Dick, the character in the book is based on a cultural critic and theorist – Dick Hebdige. But Dick, for us readers is a metaphor of the ever so unattainable and hence enigmatic objet de désir on whom we project our obsessions and fantasies upon.
But before we move ahead, we keep in mind that the muse is essentially a fantastical creature. The muse’s personal story, his/her childhood days, his/her affair, education, qualification none of it matters. A muse is essentially a blank canvas for you to imagine what you want them to be. In fact, the lesser you know about know them, the better. You need the blindness with a tincture of delusion. It’s not really about the muse, but about you, your swirling desires.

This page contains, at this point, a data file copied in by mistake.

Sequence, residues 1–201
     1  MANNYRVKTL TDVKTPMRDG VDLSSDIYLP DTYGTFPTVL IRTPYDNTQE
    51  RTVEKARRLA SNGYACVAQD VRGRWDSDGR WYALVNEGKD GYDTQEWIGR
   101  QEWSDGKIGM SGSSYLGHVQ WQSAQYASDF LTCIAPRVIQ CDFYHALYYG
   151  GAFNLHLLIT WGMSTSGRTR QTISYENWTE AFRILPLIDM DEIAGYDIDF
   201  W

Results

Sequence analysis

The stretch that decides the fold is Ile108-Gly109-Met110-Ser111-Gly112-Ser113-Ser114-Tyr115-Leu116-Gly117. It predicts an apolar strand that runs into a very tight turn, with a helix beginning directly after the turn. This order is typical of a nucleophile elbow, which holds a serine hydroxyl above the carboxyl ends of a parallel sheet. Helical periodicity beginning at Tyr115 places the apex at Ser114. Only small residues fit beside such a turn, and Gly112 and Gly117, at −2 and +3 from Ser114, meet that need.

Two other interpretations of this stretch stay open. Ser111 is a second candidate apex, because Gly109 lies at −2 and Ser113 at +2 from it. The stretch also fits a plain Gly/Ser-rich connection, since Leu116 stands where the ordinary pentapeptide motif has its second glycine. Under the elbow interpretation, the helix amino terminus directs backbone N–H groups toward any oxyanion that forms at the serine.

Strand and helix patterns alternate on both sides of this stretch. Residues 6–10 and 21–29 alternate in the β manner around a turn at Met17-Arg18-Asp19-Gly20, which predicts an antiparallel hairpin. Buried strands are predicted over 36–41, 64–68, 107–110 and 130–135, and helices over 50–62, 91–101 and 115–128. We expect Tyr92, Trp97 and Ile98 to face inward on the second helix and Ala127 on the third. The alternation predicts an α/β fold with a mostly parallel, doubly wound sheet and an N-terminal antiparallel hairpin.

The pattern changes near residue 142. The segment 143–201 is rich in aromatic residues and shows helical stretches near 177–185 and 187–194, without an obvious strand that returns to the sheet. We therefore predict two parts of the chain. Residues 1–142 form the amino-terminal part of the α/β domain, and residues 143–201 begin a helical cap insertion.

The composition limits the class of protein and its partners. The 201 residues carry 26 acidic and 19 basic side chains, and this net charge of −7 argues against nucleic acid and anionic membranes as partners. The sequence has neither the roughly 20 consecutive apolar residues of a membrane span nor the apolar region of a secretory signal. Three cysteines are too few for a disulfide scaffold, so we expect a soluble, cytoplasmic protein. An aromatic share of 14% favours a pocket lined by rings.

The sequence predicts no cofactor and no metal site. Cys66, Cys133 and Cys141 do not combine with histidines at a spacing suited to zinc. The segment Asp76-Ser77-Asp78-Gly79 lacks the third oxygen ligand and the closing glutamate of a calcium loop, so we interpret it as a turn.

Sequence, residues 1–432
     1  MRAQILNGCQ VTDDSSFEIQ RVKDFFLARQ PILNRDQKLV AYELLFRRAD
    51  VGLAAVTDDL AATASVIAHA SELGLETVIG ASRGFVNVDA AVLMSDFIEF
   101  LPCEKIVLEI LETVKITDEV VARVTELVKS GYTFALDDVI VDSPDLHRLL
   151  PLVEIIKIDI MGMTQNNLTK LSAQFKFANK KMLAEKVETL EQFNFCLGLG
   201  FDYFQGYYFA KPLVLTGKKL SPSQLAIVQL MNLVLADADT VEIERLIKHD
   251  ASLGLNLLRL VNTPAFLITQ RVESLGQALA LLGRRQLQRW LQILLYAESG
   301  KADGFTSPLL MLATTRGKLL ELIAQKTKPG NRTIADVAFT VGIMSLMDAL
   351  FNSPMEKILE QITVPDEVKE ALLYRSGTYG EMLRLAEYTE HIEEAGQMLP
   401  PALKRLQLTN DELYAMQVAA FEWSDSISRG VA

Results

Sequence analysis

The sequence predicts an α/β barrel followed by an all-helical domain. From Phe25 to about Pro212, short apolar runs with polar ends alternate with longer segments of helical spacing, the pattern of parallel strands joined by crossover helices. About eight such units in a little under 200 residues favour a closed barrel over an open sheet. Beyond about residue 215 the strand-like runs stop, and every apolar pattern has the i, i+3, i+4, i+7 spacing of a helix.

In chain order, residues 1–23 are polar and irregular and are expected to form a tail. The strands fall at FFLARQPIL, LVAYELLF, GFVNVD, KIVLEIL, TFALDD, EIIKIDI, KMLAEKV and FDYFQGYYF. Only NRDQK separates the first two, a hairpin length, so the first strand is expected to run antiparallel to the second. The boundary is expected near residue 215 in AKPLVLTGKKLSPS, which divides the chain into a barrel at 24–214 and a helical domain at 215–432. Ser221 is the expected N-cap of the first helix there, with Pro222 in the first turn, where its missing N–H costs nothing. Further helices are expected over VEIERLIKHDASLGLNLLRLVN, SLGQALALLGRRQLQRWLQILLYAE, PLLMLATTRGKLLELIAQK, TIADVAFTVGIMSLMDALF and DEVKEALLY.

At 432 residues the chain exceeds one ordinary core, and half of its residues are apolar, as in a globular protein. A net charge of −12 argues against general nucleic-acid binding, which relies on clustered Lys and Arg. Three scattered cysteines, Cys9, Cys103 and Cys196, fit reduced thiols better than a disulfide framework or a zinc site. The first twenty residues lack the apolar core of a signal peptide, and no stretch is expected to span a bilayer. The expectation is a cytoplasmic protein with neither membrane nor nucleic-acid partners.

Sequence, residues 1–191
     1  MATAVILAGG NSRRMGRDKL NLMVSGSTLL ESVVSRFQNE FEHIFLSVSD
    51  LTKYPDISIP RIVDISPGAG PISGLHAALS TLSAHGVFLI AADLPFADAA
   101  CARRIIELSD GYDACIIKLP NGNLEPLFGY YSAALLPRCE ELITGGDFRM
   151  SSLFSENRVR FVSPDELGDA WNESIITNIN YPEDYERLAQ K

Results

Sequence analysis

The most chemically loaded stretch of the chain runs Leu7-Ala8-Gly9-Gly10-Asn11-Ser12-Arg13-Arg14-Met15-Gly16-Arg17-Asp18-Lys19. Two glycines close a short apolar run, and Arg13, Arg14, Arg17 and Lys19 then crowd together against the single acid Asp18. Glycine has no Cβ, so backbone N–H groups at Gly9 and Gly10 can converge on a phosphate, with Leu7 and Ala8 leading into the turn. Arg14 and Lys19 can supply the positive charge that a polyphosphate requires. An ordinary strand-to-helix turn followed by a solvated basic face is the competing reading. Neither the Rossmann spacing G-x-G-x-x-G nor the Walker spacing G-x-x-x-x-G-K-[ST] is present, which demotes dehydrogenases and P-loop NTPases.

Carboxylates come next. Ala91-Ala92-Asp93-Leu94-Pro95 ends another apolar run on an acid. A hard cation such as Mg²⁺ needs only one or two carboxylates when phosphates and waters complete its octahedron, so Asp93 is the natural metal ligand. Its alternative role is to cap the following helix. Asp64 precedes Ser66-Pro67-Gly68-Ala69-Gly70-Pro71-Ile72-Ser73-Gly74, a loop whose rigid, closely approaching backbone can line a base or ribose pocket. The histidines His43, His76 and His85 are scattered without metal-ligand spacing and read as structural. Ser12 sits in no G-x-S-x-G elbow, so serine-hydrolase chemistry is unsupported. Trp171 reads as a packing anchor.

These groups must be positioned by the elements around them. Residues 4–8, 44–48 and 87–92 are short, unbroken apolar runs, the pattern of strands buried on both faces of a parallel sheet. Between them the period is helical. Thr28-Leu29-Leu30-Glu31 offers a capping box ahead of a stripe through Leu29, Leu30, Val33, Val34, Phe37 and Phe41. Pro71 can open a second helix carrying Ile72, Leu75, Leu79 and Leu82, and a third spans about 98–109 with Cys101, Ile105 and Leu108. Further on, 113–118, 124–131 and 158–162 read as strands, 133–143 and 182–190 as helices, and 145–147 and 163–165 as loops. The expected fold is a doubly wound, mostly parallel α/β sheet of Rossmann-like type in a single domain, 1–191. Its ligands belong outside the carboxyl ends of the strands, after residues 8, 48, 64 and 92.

So can I, as a woman, project my fantasies on any man without being rebuked by society? Although, if you ask men, they might say “Oh! I would love to be a muse.” However, every time the same is done, neither does the audience feel a part of it nor does it end up being the show-stopper. Take for example the 2012 Bollywood movie ‘Aiyaa’. It was not well received by the audience. Why? Probably the protagonists’ actions such as following the man to his home, identifying him by his scent as passed on a street or a hallway, stealing his shirt were all too appalling for the viewers. For me, the film was an unfiltered portrayal of desire; a creative product of instinct. The actions of the heroine, the memory of scent, the utter tangibility of wearing the beloved soiled clothing feels urgent and essential to me. There are countless contemporary films with similar narratives; only with the gender roles reversed. The scene from Italian film ‘Malena’ where the young boy steals the protagonist’s underwear never received much critique. The scene is passed off as teenage fetish and the sexual exploration, perhaps only muffled by the audience’s laughter.